With abject apologies to a pretty little village, my first thoughts on parking our car next to the ancient harbour weren’t exactly positive. I had completely overdone things the day before by driving all the way down to Somerset, climbing to the highest point on Cheddar Gorge, falling over and then racing to get to the B&B before the owners went to bed. Nine o’clock they had said, but it was already 7.45 p.m. by the time I updated them from the top of Jacob’s Ladder and I still had 274 steps to negotiate and then an uphill trek to the car.
Everything had gone wrong since leaving home that morning. The motorway had been closed for some time due to an accident and traffic was slow. The hired Sat Nav had thrown a wobbler and refused to plan a route, so I had to dig around for our old and very tatty map in the hope I could remember which way to go. I had planned on a leisurely lunch, in the knowledge that I was unlikely to find any time for dinner – that night, or indeed, any other while I was away. There was nothing on offer for a vegetarian, so I had to settle for an overpriced snack. My budget clearly wasn’t going to last at that rate and I was thankful I had packed a few bottles of drink and a packet of biscuits.
It was when I called the B&B as promised, that I realised I could never drive down to them, unload the car and drive a couple of hours back to Cheddar. I quickly formed a cunning plan to do that location first, but then I had no keys to let myself in to the accommodation at the end of the day. I must be the only person who asks permission before booking a room, as I am usually up and out well before dawn and I never return until after dark. The couple were incredibly kind and they stayed up to see me back safe and sound that first night. I could only reward them by saying I would be up at a more sensible time the next morning. I needed to clean my equipment and after falling over in Cheddar, my swollen knee would be grateful for a rest.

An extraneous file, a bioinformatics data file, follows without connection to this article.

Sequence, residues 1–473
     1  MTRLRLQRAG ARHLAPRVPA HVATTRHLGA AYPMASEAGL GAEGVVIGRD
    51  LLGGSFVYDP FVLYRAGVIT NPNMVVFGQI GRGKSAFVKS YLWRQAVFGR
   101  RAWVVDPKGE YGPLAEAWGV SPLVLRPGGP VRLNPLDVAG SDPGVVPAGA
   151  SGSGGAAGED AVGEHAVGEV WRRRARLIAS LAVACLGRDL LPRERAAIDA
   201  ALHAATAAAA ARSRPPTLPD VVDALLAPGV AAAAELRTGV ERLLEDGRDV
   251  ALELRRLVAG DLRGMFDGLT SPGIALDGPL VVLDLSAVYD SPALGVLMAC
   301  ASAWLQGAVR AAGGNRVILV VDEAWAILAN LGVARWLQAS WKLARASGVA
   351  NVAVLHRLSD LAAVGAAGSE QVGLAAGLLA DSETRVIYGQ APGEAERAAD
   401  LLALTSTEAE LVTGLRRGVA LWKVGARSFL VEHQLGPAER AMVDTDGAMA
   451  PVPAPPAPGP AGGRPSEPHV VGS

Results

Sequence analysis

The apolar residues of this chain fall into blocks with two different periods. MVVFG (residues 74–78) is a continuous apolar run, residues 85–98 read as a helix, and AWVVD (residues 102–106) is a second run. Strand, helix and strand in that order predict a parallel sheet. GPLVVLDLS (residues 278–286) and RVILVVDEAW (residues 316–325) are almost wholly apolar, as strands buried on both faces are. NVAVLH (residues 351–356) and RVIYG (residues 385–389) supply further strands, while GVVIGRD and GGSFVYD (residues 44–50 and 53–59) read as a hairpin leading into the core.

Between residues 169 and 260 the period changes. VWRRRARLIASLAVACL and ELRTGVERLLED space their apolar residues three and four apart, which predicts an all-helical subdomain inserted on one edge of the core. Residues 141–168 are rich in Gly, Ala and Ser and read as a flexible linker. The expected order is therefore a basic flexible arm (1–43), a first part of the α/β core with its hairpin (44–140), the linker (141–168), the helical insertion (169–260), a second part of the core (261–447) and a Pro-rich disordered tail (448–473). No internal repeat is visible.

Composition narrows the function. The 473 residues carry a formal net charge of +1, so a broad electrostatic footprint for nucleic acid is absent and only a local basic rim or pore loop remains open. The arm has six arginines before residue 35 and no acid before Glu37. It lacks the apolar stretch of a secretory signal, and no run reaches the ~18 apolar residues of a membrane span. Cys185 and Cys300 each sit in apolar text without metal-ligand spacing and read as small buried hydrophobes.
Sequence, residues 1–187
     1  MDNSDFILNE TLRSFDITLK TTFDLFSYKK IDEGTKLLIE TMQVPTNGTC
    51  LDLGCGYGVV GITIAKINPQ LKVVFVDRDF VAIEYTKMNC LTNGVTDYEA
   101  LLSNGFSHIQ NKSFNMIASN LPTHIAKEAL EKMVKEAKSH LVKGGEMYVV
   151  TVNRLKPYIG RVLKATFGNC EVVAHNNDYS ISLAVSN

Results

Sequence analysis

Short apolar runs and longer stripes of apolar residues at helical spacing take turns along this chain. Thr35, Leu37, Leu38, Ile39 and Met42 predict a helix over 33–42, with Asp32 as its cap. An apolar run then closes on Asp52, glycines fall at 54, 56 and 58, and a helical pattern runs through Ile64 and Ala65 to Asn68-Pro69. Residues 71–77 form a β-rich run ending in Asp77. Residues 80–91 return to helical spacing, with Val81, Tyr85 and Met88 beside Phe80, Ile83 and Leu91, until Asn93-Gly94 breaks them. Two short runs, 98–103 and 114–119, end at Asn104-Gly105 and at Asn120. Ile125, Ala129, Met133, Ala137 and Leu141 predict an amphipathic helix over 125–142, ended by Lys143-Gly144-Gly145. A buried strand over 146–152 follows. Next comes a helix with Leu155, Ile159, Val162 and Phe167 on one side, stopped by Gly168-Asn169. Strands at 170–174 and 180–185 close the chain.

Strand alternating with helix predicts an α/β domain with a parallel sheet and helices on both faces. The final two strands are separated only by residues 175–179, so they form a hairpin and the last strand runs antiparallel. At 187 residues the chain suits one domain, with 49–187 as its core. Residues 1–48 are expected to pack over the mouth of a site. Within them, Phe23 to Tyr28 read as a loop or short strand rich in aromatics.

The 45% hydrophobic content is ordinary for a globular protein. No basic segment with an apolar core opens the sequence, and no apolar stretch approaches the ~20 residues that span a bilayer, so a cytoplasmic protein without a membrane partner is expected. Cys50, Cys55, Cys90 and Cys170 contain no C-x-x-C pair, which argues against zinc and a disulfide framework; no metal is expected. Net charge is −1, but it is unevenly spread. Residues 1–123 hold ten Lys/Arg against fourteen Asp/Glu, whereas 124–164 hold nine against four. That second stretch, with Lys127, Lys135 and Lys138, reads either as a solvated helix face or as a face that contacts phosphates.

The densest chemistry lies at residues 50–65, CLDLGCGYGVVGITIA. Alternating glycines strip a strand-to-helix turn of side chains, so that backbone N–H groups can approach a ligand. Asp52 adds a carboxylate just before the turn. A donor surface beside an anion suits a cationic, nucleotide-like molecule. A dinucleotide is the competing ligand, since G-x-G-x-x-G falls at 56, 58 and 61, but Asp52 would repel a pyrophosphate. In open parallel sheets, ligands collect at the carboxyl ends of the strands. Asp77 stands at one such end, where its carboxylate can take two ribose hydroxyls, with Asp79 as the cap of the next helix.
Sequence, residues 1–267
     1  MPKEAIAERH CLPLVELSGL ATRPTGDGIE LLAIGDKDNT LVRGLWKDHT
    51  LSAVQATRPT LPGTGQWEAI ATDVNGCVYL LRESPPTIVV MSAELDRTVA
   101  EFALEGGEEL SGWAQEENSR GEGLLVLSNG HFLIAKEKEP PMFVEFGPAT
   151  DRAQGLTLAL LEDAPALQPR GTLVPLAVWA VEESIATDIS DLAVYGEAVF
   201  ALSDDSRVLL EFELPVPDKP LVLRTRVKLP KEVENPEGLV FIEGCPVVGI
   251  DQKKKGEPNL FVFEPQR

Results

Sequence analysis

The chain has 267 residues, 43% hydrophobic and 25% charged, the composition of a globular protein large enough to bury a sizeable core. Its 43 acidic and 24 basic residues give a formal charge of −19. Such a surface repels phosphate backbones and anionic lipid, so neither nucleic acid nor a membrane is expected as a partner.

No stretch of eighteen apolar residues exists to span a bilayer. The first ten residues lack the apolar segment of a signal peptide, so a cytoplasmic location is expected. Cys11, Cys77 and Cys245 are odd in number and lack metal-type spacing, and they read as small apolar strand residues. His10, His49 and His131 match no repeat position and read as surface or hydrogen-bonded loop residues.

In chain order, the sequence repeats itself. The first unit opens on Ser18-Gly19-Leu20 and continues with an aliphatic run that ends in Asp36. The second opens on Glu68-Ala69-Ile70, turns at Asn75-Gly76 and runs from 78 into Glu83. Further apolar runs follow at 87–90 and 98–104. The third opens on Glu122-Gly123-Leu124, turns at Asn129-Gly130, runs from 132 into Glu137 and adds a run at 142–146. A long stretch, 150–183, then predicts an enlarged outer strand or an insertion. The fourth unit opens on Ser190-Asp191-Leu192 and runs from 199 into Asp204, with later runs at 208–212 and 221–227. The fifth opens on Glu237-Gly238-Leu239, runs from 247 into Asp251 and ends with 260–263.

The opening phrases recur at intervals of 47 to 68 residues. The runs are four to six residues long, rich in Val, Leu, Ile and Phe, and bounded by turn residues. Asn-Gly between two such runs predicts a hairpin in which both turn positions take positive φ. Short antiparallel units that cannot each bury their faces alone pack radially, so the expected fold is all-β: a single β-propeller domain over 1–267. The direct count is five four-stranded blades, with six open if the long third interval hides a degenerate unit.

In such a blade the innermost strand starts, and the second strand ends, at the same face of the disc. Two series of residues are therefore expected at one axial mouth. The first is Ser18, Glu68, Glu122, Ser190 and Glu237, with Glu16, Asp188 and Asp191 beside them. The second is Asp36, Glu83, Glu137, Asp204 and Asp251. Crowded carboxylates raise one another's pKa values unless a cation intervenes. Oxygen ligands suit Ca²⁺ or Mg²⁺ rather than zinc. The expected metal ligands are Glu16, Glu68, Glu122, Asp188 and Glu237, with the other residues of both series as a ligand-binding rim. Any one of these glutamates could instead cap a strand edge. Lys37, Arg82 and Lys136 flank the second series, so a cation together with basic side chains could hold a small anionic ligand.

As it happened, the following day began with a thick fog moving in from the sea and everything was grey and murky. I had already planned to do Porlock Weir for sunrise. I stuck to the plan, but arrived a few hours later and much closer to high tide. I would have expected the place to be busier, but as I parked the car I noted that there seemed to be no-one else around save for one of the locals cutting the grass along the verge. Remnants of the fog still lingered and apart from the steady drone from the strimmer, the place appeared to be uninhabited. Tables sat quite empty by the harbour wall, with the planted tubs looking as though they had seen better days. “Glass blowing daily” said a nearby sign and yet the doors to the studio were shut and all was dark inside.
I wandered down one side of the harbour and by the time I got back, there were a few signs of life. A lovely elderly couple were walking their dogs and a handful of late visitors were starting to fill up the car park. I crossed the little bridge and stepped gingerly over the pebbles to stand by the groynes. I was far too tired to think about photography, but I set up the tripod anyway. I stood there for some time, with no idea of what to do and yet reluctant to pack everything up again. Then I heard the “phut, phut, phut” of a little boat making its way through the narrow channel right in front of the camera. It was nearly too late before I realised the opportunity and at the last moment I grabbed the cable release. With a slow shutter speed selected for the gloomy conditions, it nearly wasn’t enough for a moving subject and I almost deleted the image there and then. I’m so glad I didn’t because it reminds me of a couple of hours spent in a pretty little seaside village. Out of season and with less than ideal conditions perhaps, but it was the trip that got me going again when all I really wanted to do was to drive back home and get some well deserved rest. The sun came out not long after this was taken, but I prefer this. It has mood.